The Boston Globe reports, Mary Josephine Ray, who died in her sleep Sunday at the age of 114, had been recognized as the oldest person in the United States and the second-oldest person in the world. As she climbed the ranks of the world’s most aged, she would say she owed her longevity to God alone. But another reason, her family believes, was that she welcomed each day with gratitude and wonder.
“She always lived in the present, every day,’’ said her granddaughter, Kathy Ray. “She took each day as it came. She lived in the moment and never gave a thought to dying.’’
Ray reveled in the attention that came with her advancing age. She loved her birthdays, which reunited far-flung family and featured a barbershop group that would serenade her a cappella. Now and then she would get letters from strangers who wanted to meet her or an autograph request.
Ray was just a few days younger than the oldest person in the world, Kama Chinen of Japan, who is 114 years and 303 days. Ray lived to 114 years, 294 days.There are now 75 people aged 110 or older in the world (known as super centenarians), according to the Gerontology Research Group in Los Angeles. All but three are women.
Ray was taking part in the New England Centenarian Study at Boston Medical Center, the world’s largest study of the possible reasons behind centenarians’ longevity. Thomas Perls, a geriatrics professor who directs the study, said Ray’s mental abilities remained remarkably strong in her final years.
While centenarians have become relatively common in the United States, with 74,000 now and a projected 600,000 by midcentury, super centenarians like Ray remain incredibly scarce. Just 1 in 7 million people live to 110, Perls said. They are considered medical marvels who seem almost impervious to the normal aging process.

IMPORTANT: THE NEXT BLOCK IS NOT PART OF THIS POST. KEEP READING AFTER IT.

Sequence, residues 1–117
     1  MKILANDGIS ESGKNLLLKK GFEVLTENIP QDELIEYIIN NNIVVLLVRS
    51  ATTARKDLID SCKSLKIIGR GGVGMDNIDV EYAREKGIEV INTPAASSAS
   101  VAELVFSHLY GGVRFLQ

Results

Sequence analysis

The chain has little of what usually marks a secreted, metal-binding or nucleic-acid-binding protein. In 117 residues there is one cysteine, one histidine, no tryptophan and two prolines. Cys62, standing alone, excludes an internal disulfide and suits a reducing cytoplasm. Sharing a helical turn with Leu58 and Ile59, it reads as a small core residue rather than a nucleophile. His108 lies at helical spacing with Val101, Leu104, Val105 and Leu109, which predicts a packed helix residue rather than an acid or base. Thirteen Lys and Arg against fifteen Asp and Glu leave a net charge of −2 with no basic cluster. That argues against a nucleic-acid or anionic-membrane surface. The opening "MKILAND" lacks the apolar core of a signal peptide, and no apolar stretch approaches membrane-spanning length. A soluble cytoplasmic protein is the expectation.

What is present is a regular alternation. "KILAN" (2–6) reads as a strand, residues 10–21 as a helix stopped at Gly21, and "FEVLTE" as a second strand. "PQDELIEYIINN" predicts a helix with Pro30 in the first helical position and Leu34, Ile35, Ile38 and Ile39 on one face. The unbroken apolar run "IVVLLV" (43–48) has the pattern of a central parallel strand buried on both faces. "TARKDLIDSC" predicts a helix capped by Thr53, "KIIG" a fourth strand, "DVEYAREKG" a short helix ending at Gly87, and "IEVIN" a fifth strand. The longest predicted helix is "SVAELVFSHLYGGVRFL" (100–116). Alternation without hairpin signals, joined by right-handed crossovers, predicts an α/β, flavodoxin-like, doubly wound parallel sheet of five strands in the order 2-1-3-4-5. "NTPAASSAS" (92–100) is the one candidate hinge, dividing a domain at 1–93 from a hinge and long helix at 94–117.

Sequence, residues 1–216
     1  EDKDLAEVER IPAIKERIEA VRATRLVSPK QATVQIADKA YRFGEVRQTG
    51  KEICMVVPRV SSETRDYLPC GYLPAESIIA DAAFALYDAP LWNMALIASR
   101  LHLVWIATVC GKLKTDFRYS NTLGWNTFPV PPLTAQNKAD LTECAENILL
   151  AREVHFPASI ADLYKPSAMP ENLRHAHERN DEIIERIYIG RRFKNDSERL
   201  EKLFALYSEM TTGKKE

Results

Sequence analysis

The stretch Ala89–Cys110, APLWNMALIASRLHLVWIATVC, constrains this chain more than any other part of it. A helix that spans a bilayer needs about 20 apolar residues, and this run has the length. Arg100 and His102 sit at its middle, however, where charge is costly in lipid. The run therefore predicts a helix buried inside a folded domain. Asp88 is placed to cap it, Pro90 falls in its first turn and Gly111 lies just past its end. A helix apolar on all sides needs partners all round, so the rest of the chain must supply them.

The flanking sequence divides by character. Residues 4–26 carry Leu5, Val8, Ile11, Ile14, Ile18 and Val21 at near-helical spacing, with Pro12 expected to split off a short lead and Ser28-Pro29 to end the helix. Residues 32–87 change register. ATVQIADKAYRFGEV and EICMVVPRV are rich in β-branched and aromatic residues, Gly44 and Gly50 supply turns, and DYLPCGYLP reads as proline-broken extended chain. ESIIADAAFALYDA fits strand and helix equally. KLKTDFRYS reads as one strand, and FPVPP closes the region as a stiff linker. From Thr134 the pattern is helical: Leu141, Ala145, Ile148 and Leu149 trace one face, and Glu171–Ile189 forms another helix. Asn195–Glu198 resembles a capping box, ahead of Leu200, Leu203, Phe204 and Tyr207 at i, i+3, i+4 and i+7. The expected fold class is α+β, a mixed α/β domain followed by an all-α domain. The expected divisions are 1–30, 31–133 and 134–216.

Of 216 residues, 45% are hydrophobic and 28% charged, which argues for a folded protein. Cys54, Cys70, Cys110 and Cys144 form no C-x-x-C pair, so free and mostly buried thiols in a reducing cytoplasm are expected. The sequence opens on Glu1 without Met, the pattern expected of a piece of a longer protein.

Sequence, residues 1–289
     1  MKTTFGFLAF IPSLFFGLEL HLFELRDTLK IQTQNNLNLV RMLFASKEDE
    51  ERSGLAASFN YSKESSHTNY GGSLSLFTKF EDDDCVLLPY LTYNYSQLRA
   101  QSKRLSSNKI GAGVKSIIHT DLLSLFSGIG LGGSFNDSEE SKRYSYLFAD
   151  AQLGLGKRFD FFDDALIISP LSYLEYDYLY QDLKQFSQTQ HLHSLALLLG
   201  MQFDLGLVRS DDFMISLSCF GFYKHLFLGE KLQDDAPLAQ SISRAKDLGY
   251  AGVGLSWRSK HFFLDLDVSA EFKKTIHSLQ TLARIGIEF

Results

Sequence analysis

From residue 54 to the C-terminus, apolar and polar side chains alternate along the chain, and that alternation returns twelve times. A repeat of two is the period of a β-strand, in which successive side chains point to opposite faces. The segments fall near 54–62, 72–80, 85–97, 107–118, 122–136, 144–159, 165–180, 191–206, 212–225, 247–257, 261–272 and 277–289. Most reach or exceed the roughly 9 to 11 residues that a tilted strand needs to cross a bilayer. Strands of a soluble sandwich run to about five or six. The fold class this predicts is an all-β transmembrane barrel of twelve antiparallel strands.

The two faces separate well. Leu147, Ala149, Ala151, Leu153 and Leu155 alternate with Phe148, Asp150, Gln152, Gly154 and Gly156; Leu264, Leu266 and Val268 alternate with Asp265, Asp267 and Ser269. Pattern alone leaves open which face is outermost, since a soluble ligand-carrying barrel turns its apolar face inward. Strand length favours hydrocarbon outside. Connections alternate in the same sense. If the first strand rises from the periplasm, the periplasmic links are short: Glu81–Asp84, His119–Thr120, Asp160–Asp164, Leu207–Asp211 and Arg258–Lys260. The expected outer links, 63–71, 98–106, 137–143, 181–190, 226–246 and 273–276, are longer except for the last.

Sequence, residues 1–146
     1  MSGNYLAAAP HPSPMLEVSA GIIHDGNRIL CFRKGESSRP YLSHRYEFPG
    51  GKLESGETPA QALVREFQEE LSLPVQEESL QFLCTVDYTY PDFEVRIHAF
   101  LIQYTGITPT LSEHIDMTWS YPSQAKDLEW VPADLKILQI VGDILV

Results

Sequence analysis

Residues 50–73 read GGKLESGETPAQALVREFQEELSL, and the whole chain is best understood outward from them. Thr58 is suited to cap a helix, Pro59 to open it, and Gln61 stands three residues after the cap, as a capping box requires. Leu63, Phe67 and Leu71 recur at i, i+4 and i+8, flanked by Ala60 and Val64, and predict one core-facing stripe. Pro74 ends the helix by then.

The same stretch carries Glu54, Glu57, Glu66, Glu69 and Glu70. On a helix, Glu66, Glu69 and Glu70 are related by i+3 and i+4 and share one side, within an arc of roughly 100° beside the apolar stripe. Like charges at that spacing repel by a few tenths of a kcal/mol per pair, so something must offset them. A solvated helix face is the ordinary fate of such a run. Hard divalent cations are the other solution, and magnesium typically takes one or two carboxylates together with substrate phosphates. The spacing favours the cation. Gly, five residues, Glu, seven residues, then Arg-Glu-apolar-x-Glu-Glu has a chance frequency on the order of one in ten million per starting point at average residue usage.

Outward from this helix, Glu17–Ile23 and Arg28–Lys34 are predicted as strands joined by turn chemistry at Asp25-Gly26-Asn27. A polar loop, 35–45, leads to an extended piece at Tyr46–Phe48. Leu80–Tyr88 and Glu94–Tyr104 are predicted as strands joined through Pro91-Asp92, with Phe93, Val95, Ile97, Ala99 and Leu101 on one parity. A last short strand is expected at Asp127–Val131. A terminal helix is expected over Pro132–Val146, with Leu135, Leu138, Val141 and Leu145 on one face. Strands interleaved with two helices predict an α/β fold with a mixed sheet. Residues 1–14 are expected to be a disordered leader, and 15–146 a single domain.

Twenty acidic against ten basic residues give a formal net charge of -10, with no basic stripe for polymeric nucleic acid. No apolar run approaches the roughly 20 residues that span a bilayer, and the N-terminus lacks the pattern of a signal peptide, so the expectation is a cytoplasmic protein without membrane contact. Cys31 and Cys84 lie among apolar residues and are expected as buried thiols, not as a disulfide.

In Ray’s case, her powerful genes seemed to bestow remarkable vitality. Ray was a resolute optimist, Wilson said, who had a wonderful sense of humor and loved the little things.
“She would always joke and laugh and smile,’’ he said. “She would break into song, recite poetry, at the drop of the hat. The staff got very attached to her, and we are all going to miss her a great deal.’’
Ray had managed to lead a robust life long after relatives assumed she would need care. After her husband died, she moved to Florida and lived on her own for years. Well past 100, she only reluctantly agreed to a nursing home. “She asked if there were any men there,’’ Kathy Ray said. “That seemed to help.’’
Ray’s sight and hearing were failing in recent years, forcing her family to write questions in large letters on a white board. But her overall health remained strong, and her mind remained nimble.
Born Mary Arsenault in Prince Edward Island in 1895, she moved to Maine at age 3. Her father died when she was 7, and at 15, when her mother died, she was on her own. She had stopped attending school at a young age to help care for her six siblings but learned on her own. “She was a self-taught woman,’’ Ray said.
She leaves two sons, Robert B. Ray of Pensacola, Fla., and Donald K.Ray of Westmoreland; eight grandchildren, 13 great grandchildren, five great-great grandchildren. For more, read the story.
Robert W. Carter,Jr. is a Virginia attorney whose law practice is dedicated to protecting the rights of the victims of nursing home and assisted living neglect and abuse in Richmond, Roanoke, Norfolk, Lynchburg,Danville, Charlottesville, and across Virginia.
Posted on Wed, March 10, 2010
by Kristie Pierce